“Pakistan and Afghanistan have a dark history of relations but the deadly militarisation in the Cold War disturbed everything, and this is the reason millions of Afghans suffered. Until the Taliban take-over of Kabul, these Afghans were part of the Pakistani foreign policy. What happened now? Why did the foreign policy shift against Afghanistan and against those of Pakistan’s own citizens who have their geographic, cultural, business, trade, and family links to each other? It is unfortunate that passport imposition became a tool of the state,” says Ajab Khan.

Policies in Pakistan are crafted by minority elites who prioritize strategic interests, often disregarding human rights without a second thought. Afghanistan has the potential to be a valuable ally for Pakistan. Given its adversaries in the East—India—and the shifting dynamics with communist China, maintaining a positive relationship in the west with Iran is crucial. Afghanistan's unique connection with the Pashtuns across the Durand Line, who are essentially one people, makes fostering unity imperative. “The divisive 'hate-based' politics serves neither country's broader interests,” says Ajab Khan.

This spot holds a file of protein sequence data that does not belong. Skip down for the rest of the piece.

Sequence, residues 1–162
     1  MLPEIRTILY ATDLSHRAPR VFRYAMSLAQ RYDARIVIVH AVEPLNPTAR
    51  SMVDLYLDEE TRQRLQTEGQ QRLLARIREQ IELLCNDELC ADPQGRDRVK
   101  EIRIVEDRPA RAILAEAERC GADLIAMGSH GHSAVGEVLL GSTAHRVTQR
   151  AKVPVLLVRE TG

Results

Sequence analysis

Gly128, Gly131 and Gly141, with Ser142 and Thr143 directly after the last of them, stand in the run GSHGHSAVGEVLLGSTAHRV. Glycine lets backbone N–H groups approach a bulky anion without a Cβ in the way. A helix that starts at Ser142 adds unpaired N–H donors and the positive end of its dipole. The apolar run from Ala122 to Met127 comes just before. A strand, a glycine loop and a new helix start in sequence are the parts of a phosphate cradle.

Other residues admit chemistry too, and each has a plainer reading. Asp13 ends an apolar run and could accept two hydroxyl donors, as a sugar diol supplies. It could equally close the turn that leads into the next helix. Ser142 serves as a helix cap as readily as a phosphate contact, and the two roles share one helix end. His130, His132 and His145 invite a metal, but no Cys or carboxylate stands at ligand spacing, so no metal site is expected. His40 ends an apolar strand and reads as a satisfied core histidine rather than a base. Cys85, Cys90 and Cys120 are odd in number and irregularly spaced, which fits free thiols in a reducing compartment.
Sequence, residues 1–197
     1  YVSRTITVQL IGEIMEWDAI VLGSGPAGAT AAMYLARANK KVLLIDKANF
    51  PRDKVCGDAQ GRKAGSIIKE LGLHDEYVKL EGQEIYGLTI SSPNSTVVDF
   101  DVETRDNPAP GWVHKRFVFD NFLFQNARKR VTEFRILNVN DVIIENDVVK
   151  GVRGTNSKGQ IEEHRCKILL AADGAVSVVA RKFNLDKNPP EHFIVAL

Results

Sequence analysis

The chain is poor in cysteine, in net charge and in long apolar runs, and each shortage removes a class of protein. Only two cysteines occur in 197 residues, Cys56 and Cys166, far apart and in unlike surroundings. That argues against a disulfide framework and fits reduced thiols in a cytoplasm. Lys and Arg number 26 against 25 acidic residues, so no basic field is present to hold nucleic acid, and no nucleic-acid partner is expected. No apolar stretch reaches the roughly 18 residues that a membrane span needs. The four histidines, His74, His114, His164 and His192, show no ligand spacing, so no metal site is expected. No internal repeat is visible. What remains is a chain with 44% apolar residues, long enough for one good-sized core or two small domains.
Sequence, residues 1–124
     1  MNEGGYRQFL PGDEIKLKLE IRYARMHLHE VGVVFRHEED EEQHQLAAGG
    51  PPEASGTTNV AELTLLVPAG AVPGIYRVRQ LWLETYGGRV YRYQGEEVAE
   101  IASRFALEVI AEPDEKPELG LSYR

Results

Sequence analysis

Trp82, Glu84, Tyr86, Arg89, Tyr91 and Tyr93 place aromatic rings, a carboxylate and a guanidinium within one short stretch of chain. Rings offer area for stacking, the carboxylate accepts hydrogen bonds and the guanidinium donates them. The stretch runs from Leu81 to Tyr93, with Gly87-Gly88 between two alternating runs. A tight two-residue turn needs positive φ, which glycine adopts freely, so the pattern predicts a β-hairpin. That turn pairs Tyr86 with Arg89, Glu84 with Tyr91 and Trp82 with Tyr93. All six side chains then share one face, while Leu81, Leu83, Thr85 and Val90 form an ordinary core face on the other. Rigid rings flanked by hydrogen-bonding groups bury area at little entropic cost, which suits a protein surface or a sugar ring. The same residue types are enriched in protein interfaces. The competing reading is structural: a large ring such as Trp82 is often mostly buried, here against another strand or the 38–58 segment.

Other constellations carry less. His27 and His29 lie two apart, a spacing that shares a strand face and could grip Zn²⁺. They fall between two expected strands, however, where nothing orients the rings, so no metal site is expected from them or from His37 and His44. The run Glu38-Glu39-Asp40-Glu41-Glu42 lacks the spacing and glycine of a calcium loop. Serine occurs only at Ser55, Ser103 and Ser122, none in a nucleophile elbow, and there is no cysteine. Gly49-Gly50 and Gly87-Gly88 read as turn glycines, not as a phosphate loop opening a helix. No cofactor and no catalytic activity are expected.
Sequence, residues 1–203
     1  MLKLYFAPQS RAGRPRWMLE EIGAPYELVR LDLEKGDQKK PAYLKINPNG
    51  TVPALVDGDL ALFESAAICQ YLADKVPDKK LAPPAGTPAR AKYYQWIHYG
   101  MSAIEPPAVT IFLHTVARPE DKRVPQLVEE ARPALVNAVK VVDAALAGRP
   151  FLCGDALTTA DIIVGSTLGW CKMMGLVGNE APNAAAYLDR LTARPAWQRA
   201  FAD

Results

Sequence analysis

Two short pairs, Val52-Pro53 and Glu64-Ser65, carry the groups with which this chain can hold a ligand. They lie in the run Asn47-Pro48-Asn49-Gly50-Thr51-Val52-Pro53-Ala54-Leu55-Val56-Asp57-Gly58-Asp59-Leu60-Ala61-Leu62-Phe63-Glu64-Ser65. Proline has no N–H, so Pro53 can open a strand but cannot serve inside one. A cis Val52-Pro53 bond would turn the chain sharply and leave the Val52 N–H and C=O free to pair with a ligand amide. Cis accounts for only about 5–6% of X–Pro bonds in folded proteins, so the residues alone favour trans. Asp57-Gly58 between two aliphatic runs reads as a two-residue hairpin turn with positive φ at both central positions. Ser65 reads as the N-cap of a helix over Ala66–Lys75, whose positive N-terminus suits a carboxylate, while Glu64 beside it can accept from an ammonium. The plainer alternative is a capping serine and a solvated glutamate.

Jan Achakzai, a government official and provincial information minister for Balochistan, has played a significant role in disseminating information about the new passport policy. He staunchly supports the interim government's decision to close entry points across the Durand Line, including the one in Chaman, which was previously traversed by thousands of people.